After clearing the CA Entrance, I could start with my articles and simultaneously had to prepare for CA Intermediate Exams (second level CA Exams).  I started my articles in a big audit firm in Kolkata. (I got into that firm through an interview process)

Though it was big a firm with a variety of clients, it specialized in internal and management audit of tea gardens. I had to spend long hours in the office and had to go on outstation tea garden audits in North Bengal and Assam (that is away from my city, Kolkata).

I got a lot of work exposure during my articleship but my studies suffered.  Just for a few marks in aggregate, I failed to clear CA Intermediate examinations in my first attempt.

In my CA Intermediate second attempt, I cleared Group One and then my real struggle started.  It took me 5 years and 11 attempts to clear CA Intermediate Group 2.

Now it was time to overcome the last and final hurdle of becoming a Chartered Accountant - CA Final Examinations. 

For my CA Final exams, I got a tutor ( Professor Asim Sengupta) who was a retired CEO of a big MNC. One day he just casually put his hand around me and said 'Do you know that in quant papers – you are as good as some of the rank holders I have taught? If you don’t believe yourself, just have some faith in me’.

Finally, I had someone who believed in me and considered me worthwhile. This one statement made all the positive difference in my life. Sometimes having only one single person believe in you can make a world of a difference.

CA Final exams were not smooth sailing, but at the same time, it was not as painful as CA Intermediate. One fine morning I discovered that I did reach the destination, I was a qualified Chartered Accountant. Woohoo!!!

Dealing with Personal Issues

My personal life was in turbulence as my parents fell terribly sick. My father had a massive heart attack just prior to one of my many attempts at CA Intermediate Group 2, nevertheless, I didn’t miss appearing for the exams.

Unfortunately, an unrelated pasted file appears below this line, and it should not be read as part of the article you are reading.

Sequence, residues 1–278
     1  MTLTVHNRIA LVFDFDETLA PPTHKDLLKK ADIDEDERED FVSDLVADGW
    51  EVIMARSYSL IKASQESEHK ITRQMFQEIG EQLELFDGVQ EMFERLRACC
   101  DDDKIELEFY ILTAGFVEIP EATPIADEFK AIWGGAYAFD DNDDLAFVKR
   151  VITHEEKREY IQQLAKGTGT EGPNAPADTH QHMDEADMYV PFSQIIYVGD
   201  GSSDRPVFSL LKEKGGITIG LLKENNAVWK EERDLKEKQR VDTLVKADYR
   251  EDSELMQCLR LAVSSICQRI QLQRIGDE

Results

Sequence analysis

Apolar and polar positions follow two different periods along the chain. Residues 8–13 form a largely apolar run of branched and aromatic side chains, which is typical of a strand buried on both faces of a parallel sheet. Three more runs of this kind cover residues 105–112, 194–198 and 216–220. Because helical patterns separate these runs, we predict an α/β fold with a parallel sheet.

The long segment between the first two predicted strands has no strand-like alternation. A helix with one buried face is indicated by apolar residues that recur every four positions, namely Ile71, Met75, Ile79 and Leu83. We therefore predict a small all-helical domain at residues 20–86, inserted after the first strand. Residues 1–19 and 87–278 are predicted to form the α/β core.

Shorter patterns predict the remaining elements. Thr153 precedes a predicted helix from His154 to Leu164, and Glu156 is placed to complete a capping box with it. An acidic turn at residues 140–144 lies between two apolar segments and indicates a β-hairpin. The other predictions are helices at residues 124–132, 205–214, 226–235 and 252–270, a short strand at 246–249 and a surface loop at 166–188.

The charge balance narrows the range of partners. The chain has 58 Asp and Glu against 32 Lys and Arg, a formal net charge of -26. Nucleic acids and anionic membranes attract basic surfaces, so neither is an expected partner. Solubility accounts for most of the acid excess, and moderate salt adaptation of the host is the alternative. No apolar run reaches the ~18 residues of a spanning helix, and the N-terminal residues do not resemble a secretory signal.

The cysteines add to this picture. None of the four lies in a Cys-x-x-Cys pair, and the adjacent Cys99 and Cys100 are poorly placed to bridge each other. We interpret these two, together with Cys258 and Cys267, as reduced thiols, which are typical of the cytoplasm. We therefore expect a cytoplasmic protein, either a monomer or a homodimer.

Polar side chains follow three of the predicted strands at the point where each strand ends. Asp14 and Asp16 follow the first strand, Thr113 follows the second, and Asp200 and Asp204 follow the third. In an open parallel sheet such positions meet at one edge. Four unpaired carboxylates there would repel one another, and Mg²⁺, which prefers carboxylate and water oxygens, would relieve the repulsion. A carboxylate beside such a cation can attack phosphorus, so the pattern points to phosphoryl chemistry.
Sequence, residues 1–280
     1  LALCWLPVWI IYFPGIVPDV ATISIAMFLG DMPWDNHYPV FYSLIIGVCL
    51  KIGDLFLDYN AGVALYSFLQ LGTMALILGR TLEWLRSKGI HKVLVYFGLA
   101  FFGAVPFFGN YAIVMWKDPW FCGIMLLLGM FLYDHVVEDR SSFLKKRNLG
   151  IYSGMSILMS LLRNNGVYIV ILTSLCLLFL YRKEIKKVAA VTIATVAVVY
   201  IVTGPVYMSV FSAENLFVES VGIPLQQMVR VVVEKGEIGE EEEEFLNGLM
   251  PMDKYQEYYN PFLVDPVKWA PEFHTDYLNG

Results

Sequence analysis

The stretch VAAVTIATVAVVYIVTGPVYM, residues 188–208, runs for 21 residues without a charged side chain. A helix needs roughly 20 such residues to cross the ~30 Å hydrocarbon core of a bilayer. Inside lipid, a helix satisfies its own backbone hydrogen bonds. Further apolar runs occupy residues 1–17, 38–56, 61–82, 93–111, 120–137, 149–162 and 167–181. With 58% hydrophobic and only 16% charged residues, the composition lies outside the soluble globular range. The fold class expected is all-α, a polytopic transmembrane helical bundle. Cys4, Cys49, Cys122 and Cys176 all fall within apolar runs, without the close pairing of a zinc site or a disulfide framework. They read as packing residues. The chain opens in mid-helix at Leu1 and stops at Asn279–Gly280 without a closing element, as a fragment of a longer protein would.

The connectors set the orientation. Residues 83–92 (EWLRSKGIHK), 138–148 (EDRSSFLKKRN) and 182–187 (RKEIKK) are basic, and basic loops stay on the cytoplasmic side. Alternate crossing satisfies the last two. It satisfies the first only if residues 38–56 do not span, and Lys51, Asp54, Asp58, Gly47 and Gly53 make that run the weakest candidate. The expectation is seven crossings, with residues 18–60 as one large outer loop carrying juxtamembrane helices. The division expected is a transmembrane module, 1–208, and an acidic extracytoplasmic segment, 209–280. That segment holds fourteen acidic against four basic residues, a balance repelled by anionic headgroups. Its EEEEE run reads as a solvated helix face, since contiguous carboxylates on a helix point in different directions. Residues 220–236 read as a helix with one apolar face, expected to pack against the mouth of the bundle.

Just to add to these problems my father got entangled in a series of court cases (all were basically property disputes involving tenants).

As my father was sick, I used to appear in the courts for him. My studies suffered enormously but at the same time, I got first-hand exposure as to how the law and legal system worked.

In between, I finished my articles, remained unemployed for quite some time and through some connection landed a job with one of the group companies of Birlas. It was the job of a despatch clerk of a share department (nothing fancy).

I am a Chartered Accountant. What Next?

Post that I left my job at the Birla company and got a job as a works accountant outside of my hometown. But I couldn’t take it up because of problems of the preoccupation of handling the court cases and acting as a caregiver of my ailing parents.

It was then that I decided to start my own CA practice. I started operating from my home that was neither in an office district nor in a decent locality. Somehow I started getting some small clients who used to come to me for income tax matters.

At that point in time, the real estate boom started taking place in my locality. Some of the developers came to me for tax purposes initially, and then they started consulting me all the other ancillary legal matters. The practical exposure in my personal property matters and the kind of disputes I had to deal with, came handy in those consultations.

I started getting some cases in company law matters that called for appearance before the Company Law Board.

My Journey in Academics